John Andrist: Celebrate or Tear Down Our History?

Groundskeepers remove a plaque commemorating Robert E. Lee outside of St. Johns Episcopal Church in Brooklyn, Aug. 16, 2017. In the days after a white nationalist rally to defend a statue of Robert E. Lee led to violence in Charlottesville, Va., monuments to Confederate leaders came down in Gainesville, Fla., Baltimore and elsewhere. Sam Hodgson / The New York Times

Some people call it revisionism. Others prefer the term re-writing history, but by any name its a slippery slope on which we are riding these days.

Revisionism was once a practice employed only by tyrants and revolutionaries, who wanted people to believe there was nothing before them, nor to follow them. Today it has become much more pervasive.

One form of it is tearing down statues. Another is writing fake stuff. These days it is done for both money and political advantage.

With the internet and Twitter it is a simple thing to practice under a shield of anonymity.

Want to remove a statue? I’ll bet you can just manufacture a story that will quickly incite a band of activists to show up with saws and sledge hammers.

I wrote a few weeks ago about the sinister movement to destroy past heroes and tear down statues, and I got one response telling me what a horrible person Christopher Columbus was, a murderer and a rapist.

These days you can make more money and make it faster writing about the dark side of people, than you can writing about the heroic. And you can also more quickly get a response.

So I played for a while on the web where there is years of reading about Columbus. The most reliable post was a 24-page report by an Eastern Illinois University professor, titled “Examining Historical (Mis)Representations of Christopher Columbus within Children’s Literature.”

It covered a lot of territory and included a bibliography of a couple hundred books, much of it not complimentary, but nothing scandalous.

The same critic said he couldn’t bear to have a statue of Robert E. Lee looking down at him, because he defended slave ownership.

I guess that means we should remove all statues of people who lived in the south in the first century of our republic, because they all either owned slaves or condoned them. That was the culture, folks.

Many North Dakotans are heirs of the Vikings, who did more than their share of raping and pillaging.

I’m waiting for protesters to blow up the Jefferson memorial one of these days, because much has been written about Jefferson’s slave holdings and a sexual relationship that has more recently been sensationalized.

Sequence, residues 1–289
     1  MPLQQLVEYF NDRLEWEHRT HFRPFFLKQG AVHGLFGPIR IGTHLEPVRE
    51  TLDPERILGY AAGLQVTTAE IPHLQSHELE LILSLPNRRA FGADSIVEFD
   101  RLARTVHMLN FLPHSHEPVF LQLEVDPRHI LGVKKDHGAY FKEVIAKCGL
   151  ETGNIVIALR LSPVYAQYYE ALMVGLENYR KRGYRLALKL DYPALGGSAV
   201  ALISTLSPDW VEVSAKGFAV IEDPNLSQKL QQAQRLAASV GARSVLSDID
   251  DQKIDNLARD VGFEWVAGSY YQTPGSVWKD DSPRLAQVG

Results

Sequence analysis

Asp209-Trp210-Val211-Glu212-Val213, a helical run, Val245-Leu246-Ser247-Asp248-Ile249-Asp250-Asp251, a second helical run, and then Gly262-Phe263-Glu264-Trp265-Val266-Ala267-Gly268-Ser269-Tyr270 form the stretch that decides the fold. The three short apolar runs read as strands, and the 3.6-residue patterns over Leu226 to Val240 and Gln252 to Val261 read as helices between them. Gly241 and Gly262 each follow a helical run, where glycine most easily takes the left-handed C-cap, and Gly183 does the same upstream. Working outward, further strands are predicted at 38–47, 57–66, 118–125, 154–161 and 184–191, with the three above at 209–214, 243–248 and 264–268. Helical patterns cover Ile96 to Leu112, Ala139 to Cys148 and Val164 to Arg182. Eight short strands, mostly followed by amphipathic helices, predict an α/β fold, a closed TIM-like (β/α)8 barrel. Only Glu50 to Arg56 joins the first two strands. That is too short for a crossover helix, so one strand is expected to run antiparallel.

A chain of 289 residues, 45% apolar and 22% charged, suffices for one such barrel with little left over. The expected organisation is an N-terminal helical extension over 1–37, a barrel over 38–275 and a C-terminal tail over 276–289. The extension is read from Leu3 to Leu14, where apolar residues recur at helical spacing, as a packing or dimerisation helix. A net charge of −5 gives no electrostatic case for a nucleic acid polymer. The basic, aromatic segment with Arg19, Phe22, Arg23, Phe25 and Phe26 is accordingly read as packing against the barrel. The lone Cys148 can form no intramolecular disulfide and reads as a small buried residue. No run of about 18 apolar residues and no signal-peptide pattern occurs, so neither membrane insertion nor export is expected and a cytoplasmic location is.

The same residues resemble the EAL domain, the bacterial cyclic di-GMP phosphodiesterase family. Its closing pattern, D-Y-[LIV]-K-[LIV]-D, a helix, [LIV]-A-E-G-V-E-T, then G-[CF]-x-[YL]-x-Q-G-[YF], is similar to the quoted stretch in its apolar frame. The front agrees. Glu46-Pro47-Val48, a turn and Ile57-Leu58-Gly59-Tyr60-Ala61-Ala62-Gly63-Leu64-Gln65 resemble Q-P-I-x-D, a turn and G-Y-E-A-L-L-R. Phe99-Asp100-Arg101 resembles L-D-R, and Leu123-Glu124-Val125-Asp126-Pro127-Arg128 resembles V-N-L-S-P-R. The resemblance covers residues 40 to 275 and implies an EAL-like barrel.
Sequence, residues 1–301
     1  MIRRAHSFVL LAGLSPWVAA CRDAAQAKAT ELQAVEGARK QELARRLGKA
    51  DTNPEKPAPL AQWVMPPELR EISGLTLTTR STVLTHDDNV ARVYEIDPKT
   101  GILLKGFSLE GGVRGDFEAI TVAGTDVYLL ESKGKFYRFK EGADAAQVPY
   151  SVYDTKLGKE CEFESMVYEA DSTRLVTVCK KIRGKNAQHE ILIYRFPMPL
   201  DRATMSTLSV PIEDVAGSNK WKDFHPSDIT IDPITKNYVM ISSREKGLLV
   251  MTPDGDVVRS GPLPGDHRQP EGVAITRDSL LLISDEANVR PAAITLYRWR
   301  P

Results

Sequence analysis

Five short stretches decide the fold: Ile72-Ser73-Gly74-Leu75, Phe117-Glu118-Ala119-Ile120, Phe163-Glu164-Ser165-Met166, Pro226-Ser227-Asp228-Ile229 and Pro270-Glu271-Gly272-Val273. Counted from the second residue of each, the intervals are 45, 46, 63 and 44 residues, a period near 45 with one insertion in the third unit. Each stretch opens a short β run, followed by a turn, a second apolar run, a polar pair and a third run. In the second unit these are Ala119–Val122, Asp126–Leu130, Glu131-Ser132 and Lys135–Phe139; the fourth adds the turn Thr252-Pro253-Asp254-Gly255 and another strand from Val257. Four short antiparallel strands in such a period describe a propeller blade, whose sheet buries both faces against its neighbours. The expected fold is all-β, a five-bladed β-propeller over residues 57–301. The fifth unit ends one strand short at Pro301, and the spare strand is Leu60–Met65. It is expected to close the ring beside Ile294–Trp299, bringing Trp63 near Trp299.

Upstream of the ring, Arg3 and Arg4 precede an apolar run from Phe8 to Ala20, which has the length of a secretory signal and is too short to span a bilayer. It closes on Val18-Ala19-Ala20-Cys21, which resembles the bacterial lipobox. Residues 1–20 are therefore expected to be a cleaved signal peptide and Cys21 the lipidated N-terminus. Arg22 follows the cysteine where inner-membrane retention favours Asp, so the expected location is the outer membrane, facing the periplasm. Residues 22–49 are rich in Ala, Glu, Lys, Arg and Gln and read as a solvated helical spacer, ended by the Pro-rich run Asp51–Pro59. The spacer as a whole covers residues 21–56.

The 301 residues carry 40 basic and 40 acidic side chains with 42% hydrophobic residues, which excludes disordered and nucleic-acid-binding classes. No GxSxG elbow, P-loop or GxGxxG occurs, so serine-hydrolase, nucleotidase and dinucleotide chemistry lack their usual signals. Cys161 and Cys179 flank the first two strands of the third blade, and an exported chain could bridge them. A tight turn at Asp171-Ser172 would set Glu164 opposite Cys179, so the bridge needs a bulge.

Forgive me for not having open minded objectivity, because he was such a brilliant thinker and leader who, warts or not, we owe so much.

These days you can make more money and make it faster writing about the dark side of people, than you can writing about the heroic. And you can also more quickly get a response.

And getting a demonstration going — good or bad — is far easier than indulging in a study of “why.”

Culture runs deep. Can anyone fully understand the culture of a given people who lived in the middle ages? Or in colonial days, for that matter? Were they all bad people, because they believed or condoned a value system we reject today?

Wouldn’t it be a wonderful thing if we could celebrate more things, like:

  • We now reject not only slavery but also segregation, and white only restrooms.
  • We have legalized gay marriage and all its baggage.
  • Women can now legally drive a car in Egypt.
  • Just about the entire world now prohibits genital mutilation.
  • Japan and Germany, once the paragons of inhumanity, are now among the most peaceful on our planet.

These are all victories of humanity, and we could fill this page with other examples. What is it about the command to let those who are perfect throw the first rocks?

We did terrible things to our Native Americans. They took more than a few scalps of women and children themselves. But isn’t it wonderful that we quit doing it?

Our world is beset by so many problems. Instead of changing holiday names, we should make them a celebration of the good things we have accomplished.

We don’t have to re-write history  and destroy the image of everyone who did great things, yet didn’t totally measure up.

Rob Port is the editor of SayAnythingBlog.com, a columnist for the Forum News Service, and the host of the Rob (Re)Port on Fargo-based WDAY AM970 from noon-2pm weekdays.

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